a physical therapist and nutritionist who works with dancers, I
would like to commend Gaynor Minden for launching this necessary
campaign, "Eat Right. Respect Your Body. Dance Forever."
These three short sentences encapsulate powerful directions and
are true words to live by. Each one is dependent upon the next.
Our modern society is one obsessed with image and thinness. One
only needs to watch television, open a magazine or visit a store
to experience the onslaught of the multi-billion dollar dies industry.
Ironically, as a society, we have never been as overweight as today.
We set an impossible body ideal and in doing so, set people up to
fail. Over the past three decades, increasingly thin body ideals
were directly correlated with an increased incidence of eating disorders
However, the media is not the only culprit. There are often chemical,
psychological, sociological, and environmental reasons for the development
of an eating disorder. In the ballet world, there are often extreme
pressures to maintain a thin body shape. Line is everything.
In a study by Garner and Garfinkel, it was found that in an environment
in which thinness per se is necessary for success (ballet schools
and modeling agencies were studied), the rate of anorexia nervosa
is about ten times greater then that of the general population .
When Garner and Garfinkel added another dimension to their study,
it was found that it is the combination of strict requirements for
thinness along with the highly competitive environment of the ballet
school that significantly increases the risk of eating disorders.
More disturbing still were the results of a widespread study published
in the International Journal of Eating Disorders . It studied
disordered eating in professional ballet companies across North
America and Western Europe. Results showed that 15% of the Americans
and 23% of the Europeans questioned had anorexia nervosa, while
19% of the Americans and 29% of the Europeans reported having bulimia.
Along with these shocking results came the interesting fact that
there were no cases of either anorexia or bulimia among black dancers.
The black dancers reported greater body image satisfaction. This
suggests that there may be ethnic group differences that contribute
to body image. It was also noted that most of the anorexic dancers
were from more competitive national dance companies.
In a study by Schnitt et. al., modern dancers were studied to determine
the incidence of anorexia nervosa (bulimia was not studied) .
It was determined that the modern dance subjects did not show anorectic
attitudes as frequently as ballet dancers, despite being nearly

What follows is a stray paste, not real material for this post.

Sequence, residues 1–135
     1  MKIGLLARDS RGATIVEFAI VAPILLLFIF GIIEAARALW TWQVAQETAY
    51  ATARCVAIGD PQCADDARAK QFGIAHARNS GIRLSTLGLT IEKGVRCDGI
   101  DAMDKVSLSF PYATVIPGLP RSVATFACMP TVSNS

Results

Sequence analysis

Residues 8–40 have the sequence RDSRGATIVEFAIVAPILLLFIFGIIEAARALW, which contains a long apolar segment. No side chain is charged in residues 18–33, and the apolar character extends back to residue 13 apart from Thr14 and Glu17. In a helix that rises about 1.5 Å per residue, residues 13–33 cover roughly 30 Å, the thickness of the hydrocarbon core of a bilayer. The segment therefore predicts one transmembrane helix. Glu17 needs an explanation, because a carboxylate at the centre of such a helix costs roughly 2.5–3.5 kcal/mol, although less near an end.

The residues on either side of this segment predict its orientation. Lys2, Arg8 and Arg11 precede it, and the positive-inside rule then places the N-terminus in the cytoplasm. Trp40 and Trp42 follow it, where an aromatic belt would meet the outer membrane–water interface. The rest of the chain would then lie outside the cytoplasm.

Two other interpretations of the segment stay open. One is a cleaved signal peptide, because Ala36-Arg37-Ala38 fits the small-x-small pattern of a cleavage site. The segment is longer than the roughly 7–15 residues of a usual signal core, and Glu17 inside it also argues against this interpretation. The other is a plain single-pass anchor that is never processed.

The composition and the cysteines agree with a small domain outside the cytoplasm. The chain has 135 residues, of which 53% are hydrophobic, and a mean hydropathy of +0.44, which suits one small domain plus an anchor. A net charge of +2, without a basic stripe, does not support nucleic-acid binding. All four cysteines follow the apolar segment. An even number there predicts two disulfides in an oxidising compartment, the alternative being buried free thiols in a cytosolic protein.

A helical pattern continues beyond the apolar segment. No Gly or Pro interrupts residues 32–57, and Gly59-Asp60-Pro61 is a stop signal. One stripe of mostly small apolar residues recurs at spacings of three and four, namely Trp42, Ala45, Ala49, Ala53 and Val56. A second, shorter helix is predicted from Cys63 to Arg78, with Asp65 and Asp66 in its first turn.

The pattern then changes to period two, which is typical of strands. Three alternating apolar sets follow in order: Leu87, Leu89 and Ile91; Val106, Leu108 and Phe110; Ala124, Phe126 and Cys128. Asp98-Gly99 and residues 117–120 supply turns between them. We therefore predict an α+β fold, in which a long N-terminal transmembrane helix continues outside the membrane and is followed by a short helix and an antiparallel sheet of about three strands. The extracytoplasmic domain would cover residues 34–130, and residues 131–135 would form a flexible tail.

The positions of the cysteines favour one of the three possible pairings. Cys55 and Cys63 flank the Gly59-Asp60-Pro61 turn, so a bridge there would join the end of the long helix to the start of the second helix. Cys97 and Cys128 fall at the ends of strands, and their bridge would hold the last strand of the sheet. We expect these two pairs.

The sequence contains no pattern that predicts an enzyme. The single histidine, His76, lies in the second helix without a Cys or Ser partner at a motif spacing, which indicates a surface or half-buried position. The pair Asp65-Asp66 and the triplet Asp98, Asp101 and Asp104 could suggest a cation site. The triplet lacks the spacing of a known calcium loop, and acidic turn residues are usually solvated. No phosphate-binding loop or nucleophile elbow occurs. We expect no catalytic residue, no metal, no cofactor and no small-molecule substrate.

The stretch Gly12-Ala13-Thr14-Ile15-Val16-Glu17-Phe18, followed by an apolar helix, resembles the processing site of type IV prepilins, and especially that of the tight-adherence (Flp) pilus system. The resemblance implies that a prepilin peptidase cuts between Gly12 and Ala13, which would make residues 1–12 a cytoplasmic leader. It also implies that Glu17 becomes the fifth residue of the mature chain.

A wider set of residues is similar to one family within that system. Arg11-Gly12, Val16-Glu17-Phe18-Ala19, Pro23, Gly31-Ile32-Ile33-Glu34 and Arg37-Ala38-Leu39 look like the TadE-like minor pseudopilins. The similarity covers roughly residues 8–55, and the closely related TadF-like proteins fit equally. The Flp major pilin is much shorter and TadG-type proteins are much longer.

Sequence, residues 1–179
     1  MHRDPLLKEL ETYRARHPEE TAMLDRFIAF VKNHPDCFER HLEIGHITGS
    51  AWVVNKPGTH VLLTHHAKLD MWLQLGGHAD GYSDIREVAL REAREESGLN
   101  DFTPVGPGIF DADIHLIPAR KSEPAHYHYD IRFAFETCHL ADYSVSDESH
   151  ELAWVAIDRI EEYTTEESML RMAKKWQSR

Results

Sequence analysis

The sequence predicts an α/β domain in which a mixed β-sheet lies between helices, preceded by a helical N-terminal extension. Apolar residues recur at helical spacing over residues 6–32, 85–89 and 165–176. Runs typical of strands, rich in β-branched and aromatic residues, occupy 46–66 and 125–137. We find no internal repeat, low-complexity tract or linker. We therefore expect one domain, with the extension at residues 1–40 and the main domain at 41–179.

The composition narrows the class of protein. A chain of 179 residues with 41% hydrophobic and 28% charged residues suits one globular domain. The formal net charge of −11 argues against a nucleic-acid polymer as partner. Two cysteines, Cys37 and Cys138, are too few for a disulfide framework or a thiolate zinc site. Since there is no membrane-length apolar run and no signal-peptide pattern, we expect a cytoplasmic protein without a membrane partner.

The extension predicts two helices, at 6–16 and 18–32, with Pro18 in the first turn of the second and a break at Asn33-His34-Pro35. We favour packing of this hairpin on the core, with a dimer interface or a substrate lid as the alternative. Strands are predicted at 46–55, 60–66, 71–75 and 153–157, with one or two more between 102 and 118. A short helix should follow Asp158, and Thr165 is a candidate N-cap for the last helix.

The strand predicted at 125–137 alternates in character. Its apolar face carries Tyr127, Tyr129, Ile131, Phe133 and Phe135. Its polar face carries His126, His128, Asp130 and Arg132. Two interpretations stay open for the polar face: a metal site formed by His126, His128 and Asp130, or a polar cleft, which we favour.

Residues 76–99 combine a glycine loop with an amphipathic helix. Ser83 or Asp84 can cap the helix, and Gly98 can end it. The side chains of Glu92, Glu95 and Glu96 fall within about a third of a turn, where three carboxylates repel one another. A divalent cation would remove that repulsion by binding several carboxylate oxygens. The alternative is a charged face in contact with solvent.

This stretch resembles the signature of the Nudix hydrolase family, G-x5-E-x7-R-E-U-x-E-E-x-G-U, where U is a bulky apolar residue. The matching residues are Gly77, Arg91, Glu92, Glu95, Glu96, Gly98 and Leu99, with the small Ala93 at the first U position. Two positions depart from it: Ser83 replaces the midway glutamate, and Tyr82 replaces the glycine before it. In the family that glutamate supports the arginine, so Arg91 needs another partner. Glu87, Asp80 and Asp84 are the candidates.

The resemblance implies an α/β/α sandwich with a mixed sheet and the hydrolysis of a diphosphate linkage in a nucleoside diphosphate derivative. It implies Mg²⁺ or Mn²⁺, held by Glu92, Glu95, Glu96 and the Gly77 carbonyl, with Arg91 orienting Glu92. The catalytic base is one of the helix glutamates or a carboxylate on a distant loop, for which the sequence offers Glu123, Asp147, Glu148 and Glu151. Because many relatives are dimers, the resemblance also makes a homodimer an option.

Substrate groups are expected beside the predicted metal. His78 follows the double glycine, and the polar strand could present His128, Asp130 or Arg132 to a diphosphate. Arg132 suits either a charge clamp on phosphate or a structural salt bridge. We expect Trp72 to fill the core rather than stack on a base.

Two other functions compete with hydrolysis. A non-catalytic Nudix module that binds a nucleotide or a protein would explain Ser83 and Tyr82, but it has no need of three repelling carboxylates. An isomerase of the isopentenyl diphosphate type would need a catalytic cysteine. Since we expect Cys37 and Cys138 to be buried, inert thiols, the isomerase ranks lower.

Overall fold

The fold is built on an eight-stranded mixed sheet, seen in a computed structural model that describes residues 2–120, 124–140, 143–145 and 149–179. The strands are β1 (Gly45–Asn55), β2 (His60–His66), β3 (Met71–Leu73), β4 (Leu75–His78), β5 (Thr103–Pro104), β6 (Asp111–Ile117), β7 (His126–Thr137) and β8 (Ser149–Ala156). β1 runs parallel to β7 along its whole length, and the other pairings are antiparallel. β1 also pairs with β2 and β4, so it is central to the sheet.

as thin. There could be several reasons for this difference. The
professional pressures put on modern dancers are often not as great
as those placed on ballet dancers. Also, most modern are trained
through university programs that offer broader experiences rather
than professional ballet schools which tend to be more insular and
Digesting the results of the aforementioned studies, we are reminded
that factors influencing eating disorders are as complex as the
people who suffer from them. We as directors, patrons, teachers,
therapists, doctors, parents, and friends of dancers need to improve
upon the existing environment. We need to take a collective stance
against the pressures to be too thin. We need to promote a healthy
body image in order to have healthy dancers.
We also need to be aware of the warning signs and be able to get
the dancer to the appropriate help as quickly as possible. In many
situations, serious eating problems persist far too long without
Visible Characteristics of Anorexia Nervosa
-Odd food rituals (i.e. counting bites of food, cutting food into
tiny pieces, preparing food for others while refusing to eat)
-Intense fear of becoming fat
-Avoidance of situations where food will be present
-Strict exercise regimes
-Wearing baggy clothes to hide weight loss
-Use of laxatives, enemas, or diuretics to get rid of food
-Cessation of menstruation (amenorrhea)
-Often feels cold
-Fainting spells, dizziness
-Self-worth based on what is consumed
Visible Characteristics of Bulimia Nervosa
-Sneaks food, secretive eating
-Preoccupation with food
-Self-hatred when too much food is consumed
-Bathroom visits after meals
-Vomiting, laxative abuse or fasting
-Extreme exercise routines
-Enlarged salivary glands, bloated cheeks or broken blood vessels
under the skin
-Frequent sore throats
-Complaints of muscles aches
-Self-loathing and self-criticism
-Self-worth determined by food choices
If left untreated, eating disorders can cause a myriad of medical
complications and at their worst, the loss of life. Your life is
important. An eating disorder can thwart a successful life and career,
interrupt your thinking, steal hours, chances and opportunities.
We want to see you dance forever, so
eat right and respect
1. Lucas et al., "50-Year Trends in the Incidence of Anorexia
Nervosa in Rochester, MN: a Population-Based Study," American
Journal of Psychiatry, 148 (1999), pp. 917-922.
2. Garfinkel and Garner, Anorexia Nervosa, pp.112-117.
3. L.H. Hamilton, J. Brooks-Gunn, and M.P. Warren, "Sociocultural
Influences on Eating Disorders in Professional Ballet Dancers, "
International Journal of Eating Disorders, 4 (1985), pp. 456-478.
4. Schnitt, et. al., (1986). Anorexia Nervose and Thinness in Modern
Dance Students: Comparison with Ballerinas. Annals of Sports Medicine,
3 , pp. 9-13.